Nest monitoring and developmental periods
We searched for nests using parental behavior and systematic searching (Martin and Geupel 1993). Once a nest was found, we collected data on elevation and nest substrate, and we visually estimated nest height and substrate height. We used ladders to access high nests. Nest size was measured once building was complete only for nests found during building or egg laying. We measured total height, total diameter, cup depth, and cup diameter using a ruler with an accuracy of 0.1 cm. After nests were no longer active, a few nests from each species were collected, dried, and weighed to obtain nest mass. We monitored active nests every 1–4 days, but daily or twice daily around stage transitions (lay, hatch, and fledge) to obtain exact period lengths (Martin et al. 2015b). The incubation period was calculated as the time between the day the last egg was laid and the day the eggs hatched (Martin et al. 2007, 2015a). All hatching was synchronous. Nestling period was calculated as the length of time between the day of hatching and the day that the last nestling fledged (Martin et al. 2011, 2015b, Martin 2015). Nests found during incubation and nestling periods were backdated using mean incubation and nestling periods to estimate the initiation date (the day the first egg was laid). Nests were considered to have been depredated if the nest was found empty more than two days before the end of the mean nestling period for that species and no evidence of fledglings was detected.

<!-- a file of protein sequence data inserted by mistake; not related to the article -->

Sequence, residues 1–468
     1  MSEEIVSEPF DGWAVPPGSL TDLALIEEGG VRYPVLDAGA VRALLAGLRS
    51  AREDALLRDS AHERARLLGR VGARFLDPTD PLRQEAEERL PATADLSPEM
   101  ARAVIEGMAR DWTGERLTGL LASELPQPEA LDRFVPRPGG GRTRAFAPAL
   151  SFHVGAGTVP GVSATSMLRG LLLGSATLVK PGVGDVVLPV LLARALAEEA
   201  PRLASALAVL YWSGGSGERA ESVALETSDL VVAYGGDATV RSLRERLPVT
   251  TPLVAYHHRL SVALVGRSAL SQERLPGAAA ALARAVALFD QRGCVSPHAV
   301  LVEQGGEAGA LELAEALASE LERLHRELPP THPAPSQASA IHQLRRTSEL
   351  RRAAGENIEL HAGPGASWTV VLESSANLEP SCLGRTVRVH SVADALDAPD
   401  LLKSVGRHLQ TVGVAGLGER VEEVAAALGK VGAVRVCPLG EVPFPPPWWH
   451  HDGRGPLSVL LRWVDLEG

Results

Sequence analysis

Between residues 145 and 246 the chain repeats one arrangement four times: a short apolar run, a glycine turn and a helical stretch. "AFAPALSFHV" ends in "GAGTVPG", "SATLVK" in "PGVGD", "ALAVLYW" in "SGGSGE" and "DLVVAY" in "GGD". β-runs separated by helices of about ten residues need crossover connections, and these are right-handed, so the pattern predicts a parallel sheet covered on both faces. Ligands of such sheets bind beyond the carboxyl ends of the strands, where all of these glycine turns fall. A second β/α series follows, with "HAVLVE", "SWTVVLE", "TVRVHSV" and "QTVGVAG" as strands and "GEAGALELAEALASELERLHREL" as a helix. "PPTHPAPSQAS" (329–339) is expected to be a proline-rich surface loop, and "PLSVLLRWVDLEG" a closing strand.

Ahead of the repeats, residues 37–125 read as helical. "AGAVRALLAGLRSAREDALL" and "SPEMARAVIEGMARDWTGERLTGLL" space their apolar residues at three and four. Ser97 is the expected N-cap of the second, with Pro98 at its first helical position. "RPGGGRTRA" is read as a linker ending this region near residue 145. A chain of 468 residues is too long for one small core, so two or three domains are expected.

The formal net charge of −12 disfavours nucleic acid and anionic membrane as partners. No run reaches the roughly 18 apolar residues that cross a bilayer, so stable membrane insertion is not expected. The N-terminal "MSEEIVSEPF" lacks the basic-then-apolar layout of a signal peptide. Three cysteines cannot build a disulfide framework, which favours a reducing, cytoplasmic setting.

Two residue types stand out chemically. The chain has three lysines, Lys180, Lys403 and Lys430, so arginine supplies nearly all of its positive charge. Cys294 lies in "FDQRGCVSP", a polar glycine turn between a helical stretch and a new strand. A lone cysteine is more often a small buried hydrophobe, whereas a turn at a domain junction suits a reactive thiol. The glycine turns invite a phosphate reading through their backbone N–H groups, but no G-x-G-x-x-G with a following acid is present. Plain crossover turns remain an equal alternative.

Egg and nestling measurements
For clutch size description, we used clutch size only in nests found prior to clutch completion to ensure no partial loss of eggs as might occur if found later in incubation. Within the first three days of incubation, we weighed the eggs using a portable electronic scale (0.001 g accuracy). Nestlings were measured on days 0 (hatch day), 1, 2, and every other day until fledge at roughly the same time each day for a nest. Nestling mass was measured using a portable electronic scale (0.001 g accuracy), and the tarsus and wing chord were measured using digital calipers (0.01 mm accuracy).